Staffing shortages are particularly acute for STEM subjects where skilled graduates have significantly higher earning prospects in other fields. Research shows that the majority of state schools currently hire maths and physics teachers without degrees in their subject.

 

In addition to funding recruitment programmes, the government has announced several other new measures to tackle the issue of teacher shortages.

 

Earlier this year, the Department for Education pledged a £508m grant to fund a pay increase of up to 3.5% for teachers in the main pay range, with policy makers also moving to introduce more flexible working practices in schools.

 

The government nonetheless maintains that “this generation of teachers is better qualified than ever” citing that 98.7% of all teachers currently teaching have at least one degree – up 4.4% since 2010. Nearly one in five trainee teachers in 2018 holds a first-class degree, according to the DfE.

 

 

Education Secretary consults on “affordable” teacher pay rise

 

The news of boosted funding for recruitment programmes comes as Education Secretary Damian Hinds consults with leaders in the schools sector over the level of a teacher pay rise needed to “promote recruitment and retention.”

 

Writing to School Teachers’ Review Body (STRB) chair Dr Patricia Rice, Mr. Hinds sought input from the advisory body on “what adjustments should be made to the salary and allowance ranges for classroom teachers, unqualified teachers and school leaders” in the upcoming 2019-20 pay deal.

 

However, the request emphasised the need for any recommendations to be “affordable” – with the government previously ignoring the STRB’s recommendations of a 3.5% pay rise for teaching staff on all pay scales earlier this year, to instead award the raise to teachers on the main pay scale only, with schools to cover the first 1% of pay increases.

 

Some school leaders who responded to the letter took issue with this stipulation, citing the need for proper investment in education after years of austerity cuts and in light of a growing teacher deficit.

 

Noting that “an extra 47,000 teachers are needed over the next five years to meet the pupil increase in our schools,” Association of School and College Leaders President Richard Sheriff stated that the country simply cannot “afford not to invest in its education system.”

 

Elsewhere in his letter, the Education Secretary reiterated the government’s commitment to ensuring that “schools are able to recruit, retain and fairly reward the teachers they need” and noted that affordability was just one factor in “a range of evidence” which the DfE asked the advisory board to consider.

 

Underlining the centrality of teacher recruitment concerns in new policies, Mr Hinds pointed to budget increases and the handing of more control over staff pay to schools “so they can reward the most experienced teachers and attract the brightest and best.”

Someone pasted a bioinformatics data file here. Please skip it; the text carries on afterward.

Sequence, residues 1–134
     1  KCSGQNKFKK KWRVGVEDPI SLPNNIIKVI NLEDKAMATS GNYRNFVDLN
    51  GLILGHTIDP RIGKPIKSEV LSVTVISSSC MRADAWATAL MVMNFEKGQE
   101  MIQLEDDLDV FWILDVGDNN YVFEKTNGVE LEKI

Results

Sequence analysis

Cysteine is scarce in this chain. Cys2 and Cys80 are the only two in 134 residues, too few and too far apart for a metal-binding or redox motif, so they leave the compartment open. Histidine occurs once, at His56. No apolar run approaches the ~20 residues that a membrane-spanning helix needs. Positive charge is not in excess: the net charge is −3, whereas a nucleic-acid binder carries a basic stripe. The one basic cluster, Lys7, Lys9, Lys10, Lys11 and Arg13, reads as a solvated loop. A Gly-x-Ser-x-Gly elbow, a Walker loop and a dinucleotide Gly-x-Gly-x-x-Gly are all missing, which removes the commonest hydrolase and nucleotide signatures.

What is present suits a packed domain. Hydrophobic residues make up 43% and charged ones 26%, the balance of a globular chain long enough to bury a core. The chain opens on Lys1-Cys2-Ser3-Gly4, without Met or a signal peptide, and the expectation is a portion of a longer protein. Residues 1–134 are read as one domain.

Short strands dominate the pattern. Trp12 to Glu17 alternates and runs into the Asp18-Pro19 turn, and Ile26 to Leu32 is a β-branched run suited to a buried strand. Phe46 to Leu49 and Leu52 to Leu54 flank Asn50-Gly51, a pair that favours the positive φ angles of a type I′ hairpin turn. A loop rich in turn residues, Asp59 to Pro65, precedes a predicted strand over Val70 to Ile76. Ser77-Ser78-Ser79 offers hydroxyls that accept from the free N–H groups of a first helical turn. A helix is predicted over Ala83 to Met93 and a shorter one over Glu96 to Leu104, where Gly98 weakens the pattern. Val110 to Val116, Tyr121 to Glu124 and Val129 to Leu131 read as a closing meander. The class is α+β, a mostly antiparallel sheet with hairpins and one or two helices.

Improving Performance Management

 

Educate specialises in helping making performance management easier, faster and more effective.

 

Educate supports teachers, school leaders, governors and education managers to develop and implement best practice staff performance management systems that deliver improved learning.

 

To learn more on how Educate can help your school improve its performance management practices please email Carol French on carolfrench@educate.co.uk  or call 020 3411 1080

 

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Topics: Leadership and Management, Industry Updates, Leadership, Senior Leadership Team, Recruitment, Rentention, Recruitment & Rentention, Academy Finance, Performance Related Pay

Third of RSE teachers are untrained

Posted by Friday Update on Nov 19, 2018 7:59:13 AM

 

Nearly a third of RSE teachers are untrained

 

Twenty-nine per cent of teachers currently teaching Relationships and Sex Education (RSE) in schools are doing so with no training on the curriculum whatsoever, with a further 38% receiving only “inadequate” training, a new study suggests. 

Research conducted by the Sex Education Forum (SEF) and PSHE Association uncovered concerning pitfalls in the current delivery of relationship and sex education at English schools.

SEF director Lucy Emmerson underlined that training teachers was fundamental to creating an effective RSE course, stating: “The vital ingredient in effective RSE is the people who teach it.”

 As a result of insufficient training, many teachers expressed a lack of confidence in fully tackling all issues on the new RSE syllabus, with many reporting uncertainty discussing topics such as contraception and STIs with pupils.

A fifth of teachers surveyed meanwhile said that they were not confident in their ability to adapt their teaching for children with special educational needs and disabilities or to make their guidance inclusive of LGBT relationships.

The results come less than two years before instruction in the subject becomes mandatory under new legislation.

As of September 2020, Relationship Education at primary level and Relationship and Sex Education at secondary level will be required in all schools.

 

According to the Department of Education, the new course aims to fulfil the “Government’s ambition to support all young people to stay safe and prepare for life in modern Britain.”

 

Paediatricians call for broader LGBT teaching in primary schools

 

Whilst many childcare and education professionals support the new RSE curriculum and its efforts to equip "all young people" for the changes and challenges of adolescence, some have urged for more to be done with regard to the course’s inclusivity.